Summary: Rocker was the number one arm before the spring but with the rise of his teammate Jack Leiter he has fallen some on the boards. Do not let this fool you, it’s not because of a lack of performance from Rocker, it is because of the dominance of Leiter. This right-hander doesn’t have much more room to grow with his frame, but he will get more efficient with his pitches and will learn how to pitch against professional hitters. Rocker gets down the mound well, his delivery isn’t high effort which profiles very well in the future because it shows that his velocity is easy. The Vanderbilt Commodore has been in a lot of big game situations in his career, so he is used to the spotlight. The Royals love their college arms so don’t be surprised if Rocker is on the board, along with another name like Jackson Jobe, they go with Rocker.

The Royals Reporter, Kevin O’Brien looks at O’Hearn vs Soler for DH, Brady Singer’s wildness, and a lack of Josh Staumont.

However, noticeably absent in Tuesday’s game, as well as in the month of June as a whole, has been Josh Staumont, who recently came back after a short IL stint. After returning to the Royals bullpen on June 6th, he has only made four outings, and in his last outing against the Tigers, his fastball was only topping out at 94.8 MPH. That is not a good sign from a guy who was regularly hitting triple digits with ease a season ago.

...Is he hurt? Is there a lingering problem with Staumont that the Royals are not disclosing? Does Matheny just not trust Staumont in the late innings, especially with Zimmer and Brentz emerging as dependable options in the 7th and 8th innings? It’s still early, but Royals fans have to be considered about Staumont. Ronald Bolanos went from possible middle innings guy to 60-Day IL just like that.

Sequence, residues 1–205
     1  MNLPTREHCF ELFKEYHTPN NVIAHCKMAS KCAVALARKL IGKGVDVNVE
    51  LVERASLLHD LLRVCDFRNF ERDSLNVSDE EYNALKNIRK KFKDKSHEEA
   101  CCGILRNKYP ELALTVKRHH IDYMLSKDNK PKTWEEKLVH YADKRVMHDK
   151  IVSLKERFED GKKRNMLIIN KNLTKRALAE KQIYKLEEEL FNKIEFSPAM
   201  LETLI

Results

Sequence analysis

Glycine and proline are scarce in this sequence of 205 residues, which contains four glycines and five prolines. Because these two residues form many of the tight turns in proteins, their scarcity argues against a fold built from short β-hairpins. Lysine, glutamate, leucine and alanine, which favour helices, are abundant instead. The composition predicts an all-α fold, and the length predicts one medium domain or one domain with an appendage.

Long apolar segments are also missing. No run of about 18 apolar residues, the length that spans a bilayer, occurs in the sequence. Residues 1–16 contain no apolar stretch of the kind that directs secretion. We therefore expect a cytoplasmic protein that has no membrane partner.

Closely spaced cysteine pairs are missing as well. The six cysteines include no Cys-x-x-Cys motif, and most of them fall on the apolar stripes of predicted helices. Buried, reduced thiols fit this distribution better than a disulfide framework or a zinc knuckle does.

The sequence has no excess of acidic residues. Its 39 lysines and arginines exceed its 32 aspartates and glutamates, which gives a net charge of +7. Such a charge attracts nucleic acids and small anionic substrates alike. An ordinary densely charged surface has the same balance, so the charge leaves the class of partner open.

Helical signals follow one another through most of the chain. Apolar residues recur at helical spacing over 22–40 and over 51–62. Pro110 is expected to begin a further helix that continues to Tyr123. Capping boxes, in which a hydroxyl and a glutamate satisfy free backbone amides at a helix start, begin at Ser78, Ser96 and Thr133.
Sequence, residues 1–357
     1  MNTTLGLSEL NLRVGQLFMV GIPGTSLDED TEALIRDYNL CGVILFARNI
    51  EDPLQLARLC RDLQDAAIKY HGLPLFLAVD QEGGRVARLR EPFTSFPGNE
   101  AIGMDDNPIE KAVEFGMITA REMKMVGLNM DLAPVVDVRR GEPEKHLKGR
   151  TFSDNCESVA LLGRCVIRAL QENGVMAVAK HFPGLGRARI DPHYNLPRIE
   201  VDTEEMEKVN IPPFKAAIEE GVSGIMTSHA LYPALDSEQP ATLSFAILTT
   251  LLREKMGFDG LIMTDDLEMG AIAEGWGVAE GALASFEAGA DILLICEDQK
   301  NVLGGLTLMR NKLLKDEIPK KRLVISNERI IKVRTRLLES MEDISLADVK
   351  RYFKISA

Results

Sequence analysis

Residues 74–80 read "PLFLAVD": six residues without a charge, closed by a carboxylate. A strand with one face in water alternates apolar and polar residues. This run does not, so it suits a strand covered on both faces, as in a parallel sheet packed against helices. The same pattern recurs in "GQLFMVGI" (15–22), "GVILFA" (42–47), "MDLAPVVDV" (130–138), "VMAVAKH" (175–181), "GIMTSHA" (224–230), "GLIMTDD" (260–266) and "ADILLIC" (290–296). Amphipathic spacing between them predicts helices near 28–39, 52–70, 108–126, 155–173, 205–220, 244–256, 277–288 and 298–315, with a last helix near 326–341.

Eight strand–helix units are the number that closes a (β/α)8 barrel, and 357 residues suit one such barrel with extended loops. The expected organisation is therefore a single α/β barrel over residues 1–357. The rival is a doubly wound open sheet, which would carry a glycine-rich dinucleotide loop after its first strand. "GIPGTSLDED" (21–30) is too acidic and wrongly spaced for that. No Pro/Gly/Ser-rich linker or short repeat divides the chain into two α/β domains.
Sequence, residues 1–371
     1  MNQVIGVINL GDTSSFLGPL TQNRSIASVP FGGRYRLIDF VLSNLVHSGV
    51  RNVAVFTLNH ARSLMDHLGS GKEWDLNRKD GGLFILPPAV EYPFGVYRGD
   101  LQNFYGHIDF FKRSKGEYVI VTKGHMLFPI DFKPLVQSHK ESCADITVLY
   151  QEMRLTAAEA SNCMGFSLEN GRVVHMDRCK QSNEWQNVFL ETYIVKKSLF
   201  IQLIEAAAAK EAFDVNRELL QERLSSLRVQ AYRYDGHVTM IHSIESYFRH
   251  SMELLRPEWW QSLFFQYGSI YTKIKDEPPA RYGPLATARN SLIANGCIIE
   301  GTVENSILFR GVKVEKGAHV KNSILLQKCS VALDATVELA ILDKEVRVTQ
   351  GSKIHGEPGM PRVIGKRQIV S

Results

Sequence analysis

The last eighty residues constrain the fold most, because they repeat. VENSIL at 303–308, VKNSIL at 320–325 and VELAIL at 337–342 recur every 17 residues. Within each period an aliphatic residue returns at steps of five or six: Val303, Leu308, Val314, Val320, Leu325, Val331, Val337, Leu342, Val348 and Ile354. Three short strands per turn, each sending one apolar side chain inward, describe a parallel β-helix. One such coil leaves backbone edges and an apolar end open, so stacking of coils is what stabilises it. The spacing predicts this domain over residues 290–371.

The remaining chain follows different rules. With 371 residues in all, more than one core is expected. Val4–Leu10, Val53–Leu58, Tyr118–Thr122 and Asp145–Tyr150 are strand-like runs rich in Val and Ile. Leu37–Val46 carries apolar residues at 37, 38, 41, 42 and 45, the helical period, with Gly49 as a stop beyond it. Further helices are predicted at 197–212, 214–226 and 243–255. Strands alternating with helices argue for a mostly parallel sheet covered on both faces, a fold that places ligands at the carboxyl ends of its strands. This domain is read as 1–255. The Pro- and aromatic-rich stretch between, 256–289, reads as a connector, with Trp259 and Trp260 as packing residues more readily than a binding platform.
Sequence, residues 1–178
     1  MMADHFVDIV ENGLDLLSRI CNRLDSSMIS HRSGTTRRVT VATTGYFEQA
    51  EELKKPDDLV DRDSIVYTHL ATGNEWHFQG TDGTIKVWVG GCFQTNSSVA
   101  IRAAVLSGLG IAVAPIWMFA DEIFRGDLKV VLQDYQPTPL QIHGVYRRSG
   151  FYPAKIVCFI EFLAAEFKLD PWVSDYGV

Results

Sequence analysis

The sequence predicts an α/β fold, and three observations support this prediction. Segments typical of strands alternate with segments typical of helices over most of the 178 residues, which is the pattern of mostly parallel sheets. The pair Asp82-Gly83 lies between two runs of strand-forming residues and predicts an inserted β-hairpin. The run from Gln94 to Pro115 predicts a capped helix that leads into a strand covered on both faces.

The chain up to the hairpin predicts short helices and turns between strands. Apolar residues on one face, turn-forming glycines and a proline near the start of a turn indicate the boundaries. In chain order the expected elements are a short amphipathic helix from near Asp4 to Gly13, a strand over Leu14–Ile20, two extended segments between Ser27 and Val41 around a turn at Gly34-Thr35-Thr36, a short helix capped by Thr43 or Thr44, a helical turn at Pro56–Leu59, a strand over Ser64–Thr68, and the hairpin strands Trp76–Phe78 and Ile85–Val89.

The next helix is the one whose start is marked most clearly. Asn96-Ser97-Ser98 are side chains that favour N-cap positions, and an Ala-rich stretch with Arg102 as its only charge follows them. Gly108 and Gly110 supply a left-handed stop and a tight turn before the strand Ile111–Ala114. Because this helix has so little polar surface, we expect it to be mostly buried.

Has anyone ever seen Craig Brown and David Lesky in the same room? Both wrote for RR, both now have wonderful blogs on Substack, and both tend to have similar topics because they both have a really good pulse on the news, big and small, for the Royals. Heck, both even had lists of every Royals game with 11 walks or more in franchise history on yesterday’s post (in talking about Wednesday night’s game).

Craig Brown, Into the Fountains: “Walking to a loss

David Lesky, Inside the Crown: “Walks and Non-Walks Tell the Story

Royals Blog Roundup:

The All-Star Game gets its own section today.

The All-Star Game jerseys are out and, man, are they ugly. They’re in Colorado this year, so cool purple or purple and black jerseys, right? Nope! It looks like a bad corporate polo crossed with a minor league soccer jersey. Just awful.